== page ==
Myth & Merger, Part 1: Writing A Merger Plan

When your organization undergoes an acquisition or a merger, it has a profound impact. Of course, it is supposed to have a profound impact… that’s why money, stock and personnel were committed to this project. The merger of two firms is supposed to cause a magical transformation, making the new firm more than the sum of its former parts. If the two firms were unchanged, the merger was a failure. However, change alone does not equal  success. A successful merger must set and attain very specific goals. In order to achieve these goals sweeping changes in operations and staffing may be needed. Which is why executives spend considerable time to develop press releases to inform clients and investors about these changes. WIthout this effort external stakeholders may be surprised (or angered) by changes. But these executives usually spend far less time on internal communications.

How will you communicate the management plan to your staff, and how will they react? A period of change is frightening and confusing for both managers and staff. There will be miscommunication, confusion over roles, and resistance by individuals who disagree with roles for their group and themselves. Too often, status reports on a merger reflect hopeful thinking more than useful data on merger objectives.

If you’re on the hot seat for driving changes after a merger, how do you ensure that the management goals are achieved? You need to start out with a formal merger plan. The plan needs to have clearly defined goals and numeric targets. You can build your merger plan a number of different ways, but the easiest is to break down the overall goals into department goals. For example:

  1. If you are building a plan to merge two IT departments,  the goal should
    be, “successfully combine both groups.”
  2. Instead, you need to have specific measurable goals, and whenever possible numeric goals. The goal should be:
    1. By no later than March 12, all the following conditions of the plan are to be completed…
    2. The new structure is to have a combined cost of no more than 90% of the two previous groups.
    3. Compensation for each position needs to be analyzed, proposed new compensation structure (individual compensation, and group bonus) must be presented and agreed to by management.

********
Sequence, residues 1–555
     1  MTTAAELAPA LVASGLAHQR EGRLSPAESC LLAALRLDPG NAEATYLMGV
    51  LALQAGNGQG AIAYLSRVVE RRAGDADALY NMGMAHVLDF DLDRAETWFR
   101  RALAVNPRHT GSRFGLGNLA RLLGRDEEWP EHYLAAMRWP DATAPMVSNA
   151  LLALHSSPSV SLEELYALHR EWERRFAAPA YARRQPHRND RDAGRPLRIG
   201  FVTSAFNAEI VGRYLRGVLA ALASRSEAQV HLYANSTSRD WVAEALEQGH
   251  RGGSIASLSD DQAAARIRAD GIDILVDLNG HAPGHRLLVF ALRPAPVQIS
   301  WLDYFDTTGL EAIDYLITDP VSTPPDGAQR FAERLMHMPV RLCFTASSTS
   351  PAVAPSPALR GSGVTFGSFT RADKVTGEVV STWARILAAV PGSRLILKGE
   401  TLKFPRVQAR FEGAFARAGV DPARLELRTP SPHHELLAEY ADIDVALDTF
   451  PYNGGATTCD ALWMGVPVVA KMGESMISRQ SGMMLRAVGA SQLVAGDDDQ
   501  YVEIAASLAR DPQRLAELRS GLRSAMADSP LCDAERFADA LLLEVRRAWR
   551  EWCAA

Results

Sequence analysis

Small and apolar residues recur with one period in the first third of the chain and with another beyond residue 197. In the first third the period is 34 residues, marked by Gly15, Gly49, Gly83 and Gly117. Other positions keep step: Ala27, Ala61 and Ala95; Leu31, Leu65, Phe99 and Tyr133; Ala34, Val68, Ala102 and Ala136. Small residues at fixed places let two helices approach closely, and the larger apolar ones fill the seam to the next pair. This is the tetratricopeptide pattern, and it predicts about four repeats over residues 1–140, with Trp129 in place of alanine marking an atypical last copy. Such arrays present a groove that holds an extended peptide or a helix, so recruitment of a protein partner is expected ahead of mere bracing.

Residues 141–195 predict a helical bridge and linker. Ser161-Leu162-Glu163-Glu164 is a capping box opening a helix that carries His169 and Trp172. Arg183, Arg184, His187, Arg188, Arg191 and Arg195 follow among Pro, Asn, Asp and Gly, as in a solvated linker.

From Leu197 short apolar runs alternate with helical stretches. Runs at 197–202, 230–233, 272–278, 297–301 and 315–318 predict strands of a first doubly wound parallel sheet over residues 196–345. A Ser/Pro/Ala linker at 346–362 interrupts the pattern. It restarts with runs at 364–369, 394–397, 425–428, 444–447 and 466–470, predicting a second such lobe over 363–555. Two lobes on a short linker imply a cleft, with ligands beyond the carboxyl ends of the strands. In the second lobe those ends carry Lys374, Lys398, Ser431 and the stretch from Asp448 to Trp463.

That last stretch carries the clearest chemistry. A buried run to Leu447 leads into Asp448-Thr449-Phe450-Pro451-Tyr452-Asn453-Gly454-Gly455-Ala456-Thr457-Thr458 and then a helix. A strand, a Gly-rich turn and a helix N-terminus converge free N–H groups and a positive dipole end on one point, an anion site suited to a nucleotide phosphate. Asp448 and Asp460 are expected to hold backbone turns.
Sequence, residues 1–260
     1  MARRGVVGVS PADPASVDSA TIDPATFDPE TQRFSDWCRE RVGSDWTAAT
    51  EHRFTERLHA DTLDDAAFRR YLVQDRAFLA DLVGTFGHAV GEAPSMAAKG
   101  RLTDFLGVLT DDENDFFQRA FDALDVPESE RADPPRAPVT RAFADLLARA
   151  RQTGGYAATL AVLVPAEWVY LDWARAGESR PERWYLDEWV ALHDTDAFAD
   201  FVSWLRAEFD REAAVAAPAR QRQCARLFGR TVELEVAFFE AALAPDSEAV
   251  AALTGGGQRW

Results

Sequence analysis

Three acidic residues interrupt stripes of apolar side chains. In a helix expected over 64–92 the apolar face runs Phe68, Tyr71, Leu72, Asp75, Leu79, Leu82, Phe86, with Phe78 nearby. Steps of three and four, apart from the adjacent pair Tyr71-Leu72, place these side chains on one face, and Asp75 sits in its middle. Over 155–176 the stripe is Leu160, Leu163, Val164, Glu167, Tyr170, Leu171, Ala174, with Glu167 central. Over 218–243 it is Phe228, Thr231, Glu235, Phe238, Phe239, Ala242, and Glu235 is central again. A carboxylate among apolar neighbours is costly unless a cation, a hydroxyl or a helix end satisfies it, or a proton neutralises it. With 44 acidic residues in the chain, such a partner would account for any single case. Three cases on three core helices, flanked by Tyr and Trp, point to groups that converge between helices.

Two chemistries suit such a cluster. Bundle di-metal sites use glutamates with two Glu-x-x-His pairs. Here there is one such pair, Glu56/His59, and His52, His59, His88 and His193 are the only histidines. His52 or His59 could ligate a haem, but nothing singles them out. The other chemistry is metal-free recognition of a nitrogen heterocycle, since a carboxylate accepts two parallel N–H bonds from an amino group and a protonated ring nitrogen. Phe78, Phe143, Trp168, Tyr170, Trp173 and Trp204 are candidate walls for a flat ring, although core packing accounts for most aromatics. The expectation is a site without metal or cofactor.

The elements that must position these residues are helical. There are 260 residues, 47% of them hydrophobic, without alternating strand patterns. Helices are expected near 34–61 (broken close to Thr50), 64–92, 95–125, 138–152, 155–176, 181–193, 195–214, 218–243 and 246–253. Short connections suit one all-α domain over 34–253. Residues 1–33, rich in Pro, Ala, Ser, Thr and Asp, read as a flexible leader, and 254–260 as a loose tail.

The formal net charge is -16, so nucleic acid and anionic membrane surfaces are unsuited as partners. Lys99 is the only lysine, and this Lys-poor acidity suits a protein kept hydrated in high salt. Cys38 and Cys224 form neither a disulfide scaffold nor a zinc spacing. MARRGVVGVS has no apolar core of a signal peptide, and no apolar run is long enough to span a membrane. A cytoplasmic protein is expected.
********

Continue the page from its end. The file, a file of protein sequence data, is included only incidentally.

4. A written job description, in a standard format, must be created for each post-merger position and approved by HR.
    5. A new organization chart is to be produced for the department,  providing the new management structure and positions; changed positions are to be indicated on the org chart.
    6. All individuals in the department are to be moved into the new organization structure, and any remaining questions about
      position, title, compensation, etc. resolve with HR and signed off by management.
  3. Ideally, each goal should have detailed sub-plans. Since some steps are dependent on completing other steps (moving staff into the new org structure requires first agreeing to the new positions with HR) , a schedule will help to keep things on track.
  4. These individual plans should roll up into the main plan, and the main plan should reflect the goals of the merger, especially the total financial benefit of the merger.
  5. If department benefits fall short of the total expected merger benefits, where will the rest of the benefits come from? Reconsider what you have asked each department head to do. Either raise the contributions for each department or adjust your expectations from the merger.

When you set your goals for the merger, did you include efficiency and cost reduction goals? What level of increased efficiency did you assume? A growing firm should require less staff to do the same amount of work. We almost instinctively know this. We hear, “we will gain efficiency with scale,” but we rarely agree on exactly how much efficiency. Amazingly, there is a simple answer to this question!

I won’t go through the details here, that would require its own Blog (coming soon). But here’s the answer… when a corporation doubles in size (100%) growth, costs rise by just 75%. Therefore, if two firms that cost $10 million each to operate merge, the new cost should be $17.5 million ($10 million for the base, and 75% of the “growth” from the merger). Of course, if the merger plan is just part of a larger growth plan, some of these savings may be re-invested rather than realized as profit.

If you don’t develop clear goals, and have immediate follow-up to drive the efficiencies that justified the merger, you may not get the benefits you expect. Furthermore, if you delay in making the changes the merger requires, perhaps waiting a year for everything to settle down, you will put your firm through a double trauma and undermine internal good will, and company loyalty… when everyone thinks “it’s all over and we can relax”, your staff doesn’t want to see a second set of changes. So, the lesson for today is to  be clear in your plan, follow-up on the elements of your plan, and make each of your plan goals as clear and accountable as possible. We will continue this theme in our next blog when we talk about the internal communication of your merger plan. But for today, that’s my Niccolls worth!

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